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Strategy for NIH Funding
Approaches for Staying Funded · Strategy for NIH Funding
Pages of Part 7. Funding
To continue funding, you can either submit a renewal or apply with a new application. See which option is best for you, then determine when is the most advantageous time to apply.
Know how to plan for and prepare your renewal application, including strategies for dealing with the budget cap for R01s.
(This section has factual information only; for advice on this topic, go to Our Advice below.)
To continue funding, you can either renew your grant by submitting a renewal, or you can apply with a new application.
You may always renew a grant funded under the Parent R01 funding opportunity announcement. For any other type of grant, check for "Application Types Allowed" in the funding opportunity announcement (FOA) before you prepare a renewal application.
Some activity codes do not have an option to renew, for example:
Requests for applications (RFAs) rarely allow renewals, but some do.
Renewals follow the same format and page limits as a new application with a few exceptions. Here is a summary.
Progress Report Publication List
Senior/Key Person Profile
SF 424 (Cover Page)—several items, follow the SF 424 Application Guide.
Note: If you submit a renewal application describing your progress before the due date of your progress report, you do not need to submit a separate progress report for your grant.
Receipt dates. Use the renewal receipt date. Check your FOA to see whether to use NIH's Standard Due Dates for Competing Applications. RFAs and some program announcements have unique application deadlines.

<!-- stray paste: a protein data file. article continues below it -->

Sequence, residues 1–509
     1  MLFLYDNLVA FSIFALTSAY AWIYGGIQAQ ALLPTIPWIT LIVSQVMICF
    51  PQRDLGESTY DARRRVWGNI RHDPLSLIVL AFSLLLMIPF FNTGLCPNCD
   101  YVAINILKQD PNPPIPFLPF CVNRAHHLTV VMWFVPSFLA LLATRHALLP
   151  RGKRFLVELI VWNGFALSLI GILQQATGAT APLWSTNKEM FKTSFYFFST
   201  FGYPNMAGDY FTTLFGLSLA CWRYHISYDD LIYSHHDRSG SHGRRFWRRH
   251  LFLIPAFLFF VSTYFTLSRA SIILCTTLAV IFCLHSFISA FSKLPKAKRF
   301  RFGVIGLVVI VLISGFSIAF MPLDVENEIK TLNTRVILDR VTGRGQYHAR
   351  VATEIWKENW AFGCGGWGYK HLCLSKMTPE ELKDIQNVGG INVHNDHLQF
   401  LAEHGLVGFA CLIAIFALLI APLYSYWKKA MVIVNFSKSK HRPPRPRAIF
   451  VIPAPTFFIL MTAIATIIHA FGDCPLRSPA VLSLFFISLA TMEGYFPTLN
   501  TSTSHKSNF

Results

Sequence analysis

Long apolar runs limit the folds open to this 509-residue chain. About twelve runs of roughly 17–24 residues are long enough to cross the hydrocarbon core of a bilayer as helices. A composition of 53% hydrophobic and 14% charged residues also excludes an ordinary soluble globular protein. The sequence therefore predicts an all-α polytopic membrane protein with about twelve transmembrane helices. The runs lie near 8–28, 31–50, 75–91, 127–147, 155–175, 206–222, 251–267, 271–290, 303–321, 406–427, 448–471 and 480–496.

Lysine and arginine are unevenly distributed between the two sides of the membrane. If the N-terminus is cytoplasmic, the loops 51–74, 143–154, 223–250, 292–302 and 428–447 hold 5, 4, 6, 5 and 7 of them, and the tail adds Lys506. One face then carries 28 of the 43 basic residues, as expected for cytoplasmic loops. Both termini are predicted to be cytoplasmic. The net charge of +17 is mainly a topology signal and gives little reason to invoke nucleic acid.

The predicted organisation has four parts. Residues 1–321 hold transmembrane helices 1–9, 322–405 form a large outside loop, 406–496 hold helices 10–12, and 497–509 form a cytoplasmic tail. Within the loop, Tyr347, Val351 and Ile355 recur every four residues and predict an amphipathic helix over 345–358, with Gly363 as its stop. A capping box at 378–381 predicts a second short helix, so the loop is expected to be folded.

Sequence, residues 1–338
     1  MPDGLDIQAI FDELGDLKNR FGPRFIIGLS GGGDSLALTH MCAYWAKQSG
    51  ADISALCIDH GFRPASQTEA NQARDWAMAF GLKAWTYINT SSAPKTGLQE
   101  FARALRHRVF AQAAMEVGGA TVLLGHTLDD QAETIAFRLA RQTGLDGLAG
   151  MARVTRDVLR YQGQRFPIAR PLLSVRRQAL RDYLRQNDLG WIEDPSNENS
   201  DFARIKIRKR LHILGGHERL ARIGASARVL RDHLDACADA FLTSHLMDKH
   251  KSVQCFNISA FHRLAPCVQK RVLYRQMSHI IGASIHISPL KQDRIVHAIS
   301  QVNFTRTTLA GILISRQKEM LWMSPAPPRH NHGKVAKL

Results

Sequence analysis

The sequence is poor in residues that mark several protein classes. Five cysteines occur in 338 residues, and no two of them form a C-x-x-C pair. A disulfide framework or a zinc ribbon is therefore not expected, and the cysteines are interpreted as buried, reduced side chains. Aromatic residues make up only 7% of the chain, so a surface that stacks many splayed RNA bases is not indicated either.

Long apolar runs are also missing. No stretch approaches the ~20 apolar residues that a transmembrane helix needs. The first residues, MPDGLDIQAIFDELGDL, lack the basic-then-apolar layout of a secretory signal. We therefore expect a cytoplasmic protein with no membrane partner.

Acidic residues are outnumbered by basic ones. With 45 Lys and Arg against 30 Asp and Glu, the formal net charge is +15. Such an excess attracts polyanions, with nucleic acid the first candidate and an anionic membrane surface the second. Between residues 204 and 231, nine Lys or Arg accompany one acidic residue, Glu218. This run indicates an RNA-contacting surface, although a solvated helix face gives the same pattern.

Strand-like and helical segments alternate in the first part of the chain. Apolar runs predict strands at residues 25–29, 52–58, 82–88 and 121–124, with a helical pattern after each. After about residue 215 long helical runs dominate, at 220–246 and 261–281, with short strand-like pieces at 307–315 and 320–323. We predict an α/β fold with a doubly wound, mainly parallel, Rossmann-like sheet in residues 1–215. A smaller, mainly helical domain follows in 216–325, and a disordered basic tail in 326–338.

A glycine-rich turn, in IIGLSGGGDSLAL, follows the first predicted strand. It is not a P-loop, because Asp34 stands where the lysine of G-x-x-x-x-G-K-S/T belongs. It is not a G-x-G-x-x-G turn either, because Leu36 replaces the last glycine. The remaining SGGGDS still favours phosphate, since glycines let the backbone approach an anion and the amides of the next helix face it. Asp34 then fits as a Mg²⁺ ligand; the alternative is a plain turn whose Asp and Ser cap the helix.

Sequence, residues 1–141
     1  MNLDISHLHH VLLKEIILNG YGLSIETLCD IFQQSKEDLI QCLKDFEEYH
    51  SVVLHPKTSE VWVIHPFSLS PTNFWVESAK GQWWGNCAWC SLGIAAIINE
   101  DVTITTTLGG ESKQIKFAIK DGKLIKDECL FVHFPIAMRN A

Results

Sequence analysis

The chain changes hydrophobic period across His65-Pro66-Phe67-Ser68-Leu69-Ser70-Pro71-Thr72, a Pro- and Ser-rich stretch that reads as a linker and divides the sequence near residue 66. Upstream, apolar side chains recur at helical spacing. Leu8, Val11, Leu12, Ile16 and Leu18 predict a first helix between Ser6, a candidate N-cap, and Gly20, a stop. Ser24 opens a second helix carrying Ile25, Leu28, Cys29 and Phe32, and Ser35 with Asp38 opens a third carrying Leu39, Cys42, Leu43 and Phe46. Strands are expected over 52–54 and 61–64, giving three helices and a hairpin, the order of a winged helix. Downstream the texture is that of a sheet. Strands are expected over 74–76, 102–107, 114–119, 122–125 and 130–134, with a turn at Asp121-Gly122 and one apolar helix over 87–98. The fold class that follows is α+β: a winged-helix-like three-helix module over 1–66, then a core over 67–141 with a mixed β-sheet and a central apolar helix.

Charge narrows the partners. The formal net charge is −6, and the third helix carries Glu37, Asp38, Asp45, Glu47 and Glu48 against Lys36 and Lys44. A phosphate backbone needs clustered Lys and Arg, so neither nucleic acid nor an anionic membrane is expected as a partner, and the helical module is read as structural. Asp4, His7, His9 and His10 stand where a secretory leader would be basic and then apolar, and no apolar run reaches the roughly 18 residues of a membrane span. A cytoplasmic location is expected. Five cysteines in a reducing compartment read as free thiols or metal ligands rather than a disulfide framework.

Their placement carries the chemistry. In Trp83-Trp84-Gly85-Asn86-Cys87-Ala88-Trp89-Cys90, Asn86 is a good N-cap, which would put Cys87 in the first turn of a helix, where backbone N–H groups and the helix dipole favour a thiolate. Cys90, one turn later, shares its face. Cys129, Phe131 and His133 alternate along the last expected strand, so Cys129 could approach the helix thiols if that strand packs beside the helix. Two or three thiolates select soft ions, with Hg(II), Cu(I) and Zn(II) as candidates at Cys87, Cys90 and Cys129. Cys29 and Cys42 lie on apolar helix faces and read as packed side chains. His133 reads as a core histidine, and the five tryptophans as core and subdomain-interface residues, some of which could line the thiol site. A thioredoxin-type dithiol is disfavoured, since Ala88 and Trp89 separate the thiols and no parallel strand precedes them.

Study Section. You can request any study section in your cover letter if it’s relevant to the science. Keep in mind that there’s no guarantee your application will go there.
For the full instructions, check the SF 424 Application Guide and the FOA's Guide announcement.
If NIH does not fund your renewal application, you may revise and resubmit once. Read How to Resubmit.
After that resubmission, you must abandon your renewal application—but you don't have to abandon your project.
You may update your unfunded renewal application and submit it as a new application using your previous research accomplishments as preliminary data. NIH will give your application a new serial number and instruct reviewers to ignore your previous attempts at renewal.
While this option does not give you the benefits of a renewal, it does give you a chance to try again. Learn more in Unfunded Renewal: Should You Try Again?, below.
Or, you can prepare a new application that goes in a different direction.
For more information, go to Option 2: Create a New Application in Options if Your Application Isn't Funded.
(This section has advice only; you should also read the factual information above at Just the Facts.)
A good strategy is essential. Start laying out a game plan for staying funded by answering three questions.
Renewing a grant is a big challenge for many PIs who often find themselves running out of money as they revise and resubmit their renewal applications.
To keep your current project funded once the grant ends, you will need to apply for support and undergo initial peer review again.
A good strategy is essential. Start laying out a game plan for staying funded by answering these questions:
Read about our strategies to avoid a funding gap in Approaches for Staying Funded in Part 7.
Your situation and the science dictate which route is most advantageous: submitting a renewal or a new application.
To make this decision, it may help to conceptualize the difference between your long-term research goals and your short-term objectives, your Specific Aims.